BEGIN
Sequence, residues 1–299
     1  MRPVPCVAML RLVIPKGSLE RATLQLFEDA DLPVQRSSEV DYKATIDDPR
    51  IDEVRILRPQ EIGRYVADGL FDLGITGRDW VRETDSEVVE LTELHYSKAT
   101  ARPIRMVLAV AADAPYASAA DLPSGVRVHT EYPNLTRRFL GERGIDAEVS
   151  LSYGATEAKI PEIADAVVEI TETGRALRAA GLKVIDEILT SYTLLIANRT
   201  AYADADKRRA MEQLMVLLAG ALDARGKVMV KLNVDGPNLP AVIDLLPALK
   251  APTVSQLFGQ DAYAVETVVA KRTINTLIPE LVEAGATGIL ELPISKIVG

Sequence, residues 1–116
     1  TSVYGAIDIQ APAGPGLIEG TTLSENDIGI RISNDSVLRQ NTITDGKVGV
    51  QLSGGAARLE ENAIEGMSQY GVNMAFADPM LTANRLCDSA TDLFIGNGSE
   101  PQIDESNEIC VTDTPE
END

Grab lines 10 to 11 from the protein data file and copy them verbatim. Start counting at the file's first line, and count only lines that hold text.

    51  QLSGGAARLE ENAIEGMSQY GVNMAFADPM LTANRLCDSA TDLFIGNGSE
   101  PQIDESNEIC VTDTPE